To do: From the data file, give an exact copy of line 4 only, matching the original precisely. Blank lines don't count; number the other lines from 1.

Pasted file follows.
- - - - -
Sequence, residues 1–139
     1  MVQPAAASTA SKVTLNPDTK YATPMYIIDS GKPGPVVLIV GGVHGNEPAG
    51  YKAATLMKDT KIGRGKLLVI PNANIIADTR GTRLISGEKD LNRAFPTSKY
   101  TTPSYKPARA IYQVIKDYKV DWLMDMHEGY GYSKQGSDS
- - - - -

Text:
   101  TTPSYKPARA IYQVIKDYKV DWLMDMHEGY GYSKQGSDS